For some people, retirement golf is the highlight of their retired years. The country club life certainly appeals to many people. There are many workers who spend their years of employment daydreaming of the time where they can wake up and the toughest thing they have to do is to get a tee time. Being retired gives people the luxury of doing exactly what they never had the time to do before and makes all the years of toil and saving worth it.
Two questions always come up when I speak to people about playing golf in retirement. The first is: how do I get better at this? The answers are as varied as some of the courses that they play on and come with costs to match. Golf can be an expensive sport. When you add up the cost of equipment, greens fees and lessons, you’re talking about a pastime that can be out of reach for many people, especially those on a fixed income. That brings us to the second question: how can I make this a little more affordable?
For many people in retirement golf is an expense that challenges their pocketbook but is part of the lifestyle that they dreamed about so there are some things to consider. Golf communities have become very popular especially in the warmer climates. Often, residents who have built a home in these locations will get golf included or greatly reduced as part of the association fees that are usually part of this type of arrangement.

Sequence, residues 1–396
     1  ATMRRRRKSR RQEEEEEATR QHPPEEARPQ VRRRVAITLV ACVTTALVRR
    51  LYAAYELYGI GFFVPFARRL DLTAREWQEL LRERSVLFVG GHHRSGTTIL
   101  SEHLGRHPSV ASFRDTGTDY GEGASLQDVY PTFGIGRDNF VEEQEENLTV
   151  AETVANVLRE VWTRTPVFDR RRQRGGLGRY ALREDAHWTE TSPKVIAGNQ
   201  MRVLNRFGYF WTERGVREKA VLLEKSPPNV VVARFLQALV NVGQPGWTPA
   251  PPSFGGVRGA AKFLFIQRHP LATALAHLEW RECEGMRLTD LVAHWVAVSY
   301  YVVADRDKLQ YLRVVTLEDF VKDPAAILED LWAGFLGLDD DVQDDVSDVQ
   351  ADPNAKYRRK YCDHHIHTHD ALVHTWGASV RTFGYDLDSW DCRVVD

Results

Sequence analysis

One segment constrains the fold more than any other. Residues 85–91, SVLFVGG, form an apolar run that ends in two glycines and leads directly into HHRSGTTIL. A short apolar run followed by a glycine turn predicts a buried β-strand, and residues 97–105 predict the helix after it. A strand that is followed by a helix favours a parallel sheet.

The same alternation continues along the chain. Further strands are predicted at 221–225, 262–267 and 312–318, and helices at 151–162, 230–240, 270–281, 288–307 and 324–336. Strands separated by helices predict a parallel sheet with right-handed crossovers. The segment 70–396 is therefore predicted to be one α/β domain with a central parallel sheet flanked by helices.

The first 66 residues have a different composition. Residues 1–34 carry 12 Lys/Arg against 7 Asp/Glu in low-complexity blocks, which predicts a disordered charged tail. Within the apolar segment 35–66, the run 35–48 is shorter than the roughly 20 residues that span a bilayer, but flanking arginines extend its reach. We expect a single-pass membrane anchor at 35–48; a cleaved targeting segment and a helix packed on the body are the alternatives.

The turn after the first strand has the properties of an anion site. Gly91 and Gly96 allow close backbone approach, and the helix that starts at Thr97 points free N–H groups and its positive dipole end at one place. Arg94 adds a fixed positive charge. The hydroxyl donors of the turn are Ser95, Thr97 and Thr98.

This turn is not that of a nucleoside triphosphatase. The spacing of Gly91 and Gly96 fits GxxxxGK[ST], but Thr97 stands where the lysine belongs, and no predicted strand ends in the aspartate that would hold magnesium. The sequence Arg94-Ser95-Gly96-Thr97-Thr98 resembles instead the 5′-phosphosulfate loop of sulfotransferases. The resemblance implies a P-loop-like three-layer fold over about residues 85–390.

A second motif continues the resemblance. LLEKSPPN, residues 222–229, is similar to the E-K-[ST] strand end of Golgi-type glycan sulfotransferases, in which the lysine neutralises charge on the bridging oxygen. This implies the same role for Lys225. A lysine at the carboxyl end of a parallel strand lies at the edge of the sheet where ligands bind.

If a golf community is not a possibility, membership in a country club may be something to consider. In this arrangement, you are paying an annual fee that will cover a certain amount of golf – even unlimited sometimes. Depending on how much you play this could cut your cost considerably. Keep in mind that the cart fee is usually not included. Also, in some of the upscale clubs there may also be a one-time entrance fee so be sure to consider that.
Some clubs are much more exclusive than others and want to keep it that way. Quite often, in these types of clubs, you need to be recommended by a current member but, even then, that is not a guarantee for approval. There is one particular club in Florida where a list of those who have not been approved for membership reads like a roster for the Rich and Famous.
For most people in retirement golf is a way to enjoy life to the fullest. There’s nothing better to be out on the course, surrounded by nature and enjoying the friendships that can develop on the greens. Indeed, many business deals have been consummated during a round and it is a great way to make new friends and build your social network.